Immigration stirs a political and legal storm in UK

December 29, 2023 09:50
Photo: Reuters

In their 2019 election manifesto, the British Conservative Party promised to cut annual immigration to less than 220,000 a year. In May 2023, Prime Minister Rishi Sunak promised to reduce it to below 500,000 a year.

The Office for National Statistics recently announced the figure for net annual immigration in the year to June – a record 672,000.

This figure is the result of many factors – Hong Kong and Ukrainian arrivals, those taking jobs vacated by citizens of the European Union who left after Brexit, students and tens of thousands coming to look for a better life legally or illegally. As of October, 123,000 were asylum seekers waiting for a decision.

The numbers are a chronic headache for Sunak and his government, as they will be for the next one, probably Labour, that will succeed him after a general election next year. All the governments in the EU face the same dilemma, making immigration the ideal issue for right-wing parties across the continent to whip up popular discontent.

To address the issue, this year Sunak has proposed two laws. One, passed in July, allows the government to send asylum seekers to Rwanda, in East Africa, or their country of origin. The plan was criticised by some opposition politicians, lawyers, and civil rights groups as inhumane, cruel and ineffective.

In November, the British Supreme Court ruled that the plan was unlawful because asylum-seekers would not be safe in Rwanda. It ruled that asylum-seekers sent to Rwanda would be “at real risk of ill-treatment” because they could be returned to the conflict-wracked home countries from which they had fled.

The second, to take effect in spring 2024, will double, from 18,600 pounds to 38,700 pounds, the minimum income a British citizen must earn to sponsor a visa for a non-UK partner. Among British people, 70 per cent earn less than this threshold – so only the well-off will be able to afford the visa.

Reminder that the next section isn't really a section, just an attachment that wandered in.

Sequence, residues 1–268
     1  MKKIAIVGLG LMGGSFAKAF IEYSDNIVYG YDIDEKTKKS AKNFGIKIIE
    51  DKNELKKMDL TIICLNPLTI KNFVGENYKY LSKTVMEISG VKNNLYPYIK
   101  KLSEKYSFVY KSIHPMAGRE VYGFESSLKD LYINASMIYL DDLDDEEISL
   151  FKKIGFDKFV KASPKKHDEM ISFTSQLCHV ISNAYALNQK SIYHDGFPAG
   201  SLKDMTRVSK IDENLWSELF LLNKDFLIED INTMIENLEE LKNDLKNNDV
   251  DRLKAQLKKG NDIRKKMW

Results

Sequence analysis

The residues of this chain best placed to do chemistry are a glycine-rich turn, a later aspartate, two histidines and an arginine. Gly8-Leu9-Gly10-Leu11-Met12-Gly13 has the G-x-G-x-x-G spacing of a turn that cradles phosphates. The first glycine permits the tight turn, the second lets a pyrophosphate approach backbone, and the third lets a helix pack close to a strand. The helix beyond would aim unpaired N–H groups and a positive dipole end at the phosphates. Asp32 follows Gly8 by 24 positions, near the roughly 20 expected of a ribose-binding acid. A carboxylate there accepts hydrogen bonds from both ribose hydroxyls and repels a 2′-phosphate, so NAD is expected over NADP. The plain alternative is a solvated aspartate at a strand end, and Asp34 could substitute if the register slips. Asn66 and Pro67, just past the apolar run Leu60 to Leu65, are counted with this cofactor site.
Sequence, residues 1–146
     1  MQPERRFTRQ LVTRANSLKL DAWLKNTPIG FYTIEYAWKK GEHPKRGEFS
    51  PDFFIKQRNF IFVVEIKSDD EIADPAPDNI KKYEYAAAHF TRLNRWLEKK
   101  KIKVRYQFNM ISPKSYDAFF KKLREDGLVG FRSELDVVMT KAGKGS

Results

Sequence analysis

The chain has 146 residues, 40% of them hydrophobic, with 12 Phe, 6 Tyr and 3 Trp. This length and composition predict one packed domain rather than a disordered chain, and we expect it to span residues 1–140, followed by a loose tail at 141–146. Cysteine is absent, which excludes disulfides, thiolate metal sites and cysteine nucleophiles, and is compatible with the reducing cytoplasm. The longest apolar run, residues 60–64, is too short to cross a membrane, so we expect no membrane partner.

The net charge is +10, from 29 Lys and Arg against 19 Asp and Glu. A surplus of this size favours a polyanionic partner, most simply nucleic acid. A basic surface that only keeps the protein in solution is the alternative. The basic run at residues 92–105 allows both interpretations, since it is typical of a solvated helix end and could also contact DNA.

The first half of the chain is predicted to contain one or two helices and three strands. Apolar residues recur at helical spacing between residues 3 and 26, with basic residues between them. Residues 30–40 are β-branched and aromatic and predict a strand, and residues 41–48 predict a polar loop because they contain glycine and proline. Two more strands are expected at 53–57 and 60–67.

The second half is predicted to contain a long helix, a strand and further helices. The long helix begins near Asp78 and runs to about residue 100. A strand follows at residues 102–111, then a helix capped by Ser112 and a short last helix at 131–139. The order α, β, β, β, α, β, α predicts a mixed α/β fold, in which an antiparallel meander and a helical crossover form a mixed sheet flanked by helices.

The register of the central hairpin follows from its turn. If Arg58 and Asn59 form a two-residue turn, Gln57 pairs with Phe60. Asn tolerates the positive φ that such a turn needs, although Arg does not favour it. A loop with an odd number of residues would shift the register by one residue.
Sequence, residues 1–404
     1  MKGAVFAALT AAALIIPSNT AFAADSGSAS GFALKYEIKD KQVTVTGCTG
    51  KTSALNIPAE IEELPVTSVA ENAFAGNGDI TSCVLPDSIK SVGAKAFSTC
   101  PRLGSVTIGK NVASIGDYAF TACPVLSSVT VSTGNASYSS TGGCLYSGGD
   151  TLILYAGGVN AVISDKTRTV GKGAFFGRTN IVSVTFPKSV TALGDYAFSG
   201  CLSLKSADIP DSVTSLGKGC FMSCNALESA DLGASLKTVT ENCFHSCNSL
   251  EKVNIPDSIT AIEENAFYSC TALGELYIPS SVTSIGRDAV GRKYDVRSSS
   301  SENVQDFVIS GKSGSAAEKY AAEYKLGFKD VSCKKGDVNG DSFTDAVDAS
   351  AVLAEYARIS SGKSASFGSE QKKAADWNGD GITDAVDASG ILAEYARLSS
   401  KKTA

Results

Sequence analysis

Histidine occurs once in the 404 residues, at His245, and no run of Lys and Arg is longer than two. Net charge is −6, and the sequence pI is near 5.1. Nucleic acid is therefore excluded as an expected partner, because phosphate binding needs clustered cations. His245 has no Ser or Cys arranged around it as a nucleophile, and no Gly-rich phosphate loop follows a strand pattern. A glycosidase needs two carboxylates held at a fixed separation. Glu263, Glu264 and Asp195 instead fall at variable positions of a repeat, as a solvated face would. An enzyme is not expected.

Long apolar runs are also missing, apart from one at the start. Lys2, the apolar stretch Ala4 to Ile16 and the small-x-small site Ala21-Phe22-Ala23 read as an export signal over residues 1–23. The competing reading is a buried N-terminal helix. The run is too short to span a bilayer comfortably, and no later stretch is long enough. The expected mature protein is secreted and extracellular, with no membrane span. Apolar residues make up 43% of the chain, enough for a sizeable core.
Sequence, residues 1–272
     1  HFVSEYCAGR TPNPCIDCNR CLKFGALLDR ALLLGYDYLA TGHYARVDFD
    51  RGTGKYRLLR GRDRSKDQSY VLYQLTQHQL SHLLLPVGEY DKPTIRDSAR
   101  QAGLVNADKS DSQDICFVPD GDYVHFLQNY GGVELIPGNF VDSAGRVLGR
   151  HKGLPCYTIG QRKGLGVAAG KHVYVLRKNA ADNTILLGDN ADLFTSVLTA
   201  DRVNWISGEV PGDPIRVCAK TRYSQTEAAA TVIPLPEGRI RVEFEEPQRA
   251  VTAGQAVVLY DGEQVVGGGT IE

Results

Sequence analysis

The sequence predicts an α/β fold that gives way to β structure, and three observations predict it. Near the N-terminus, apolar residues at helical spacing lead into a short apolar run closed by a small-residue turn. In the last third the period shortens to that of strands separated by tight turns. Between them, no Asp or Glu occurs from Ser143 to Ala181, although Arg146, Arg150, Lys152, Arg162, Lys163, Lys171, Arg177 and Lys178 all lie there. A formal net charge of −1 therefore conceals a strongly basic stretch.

Nationwide, more than 60 per cent of Britons will be unable to bring a loved one from abroad, a figure that rises to 75 per cent in the northeast. Many will have to decide whether to leave the country in order to be together.

The measure has caused outrage. “Britain welcomes someone to care for their old people and the sick but does not allow them to bring their partner to live with them,” said a member of one NGO.

Caroline Coombs, chief executive of Reunite Families, said that she had never seen her community so galvanized and upset. “The new threshold is a horrendous shock for tens of thousands of British citizens and their loved ones. To declare it just before Christmas and leave people with no details is just utterly cruel,” she said

Care homes rely heavily on immigrant workers, especially from India, the Philippines and Nigeria. They say that the new minimum will make it even harder to hire staff. Most British people are unwilling to do this kind of work – long hours, low pay and stressful.

Sunak is caught between a rock and a hard place. Public opinion is strongly opposed to the current level of immigration, especially illegal. Between January 2018 and June 2023, more than 96,000 migrants entered Britain after crossing the Channel in small boats – and only 1,319 or 1.4 per cent were removed from the country during that period.

Many say that the government health and education systems cannot absorb the numbers of immigrants who want their services. Since the Conservatives came to power in 2013, the quality of the health service and many public schools has deteriorated because of a shortage of funds.

The rich can afford private education and medicine, but the vast majority of the population cannot.

On the other side, Sunak faces migrants who are determined not to be sent back to their home countries, European law which supports them and well-organised human rights and legal groups which help them and challenge government legal measures.

So far Hong Kong people have been outside this debate. The British government, and the public, see them as wealthy, well educated, adaptable and able to integrate into British society. So there are no calls to restrict the arrival of BNO passport holders from Hong Kong.

But, if the immigration debate becomes more heated and more extreme measures are needed, the Hong Kongers may not be immune.

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A Hong Kong-based writer, teacher and speaker.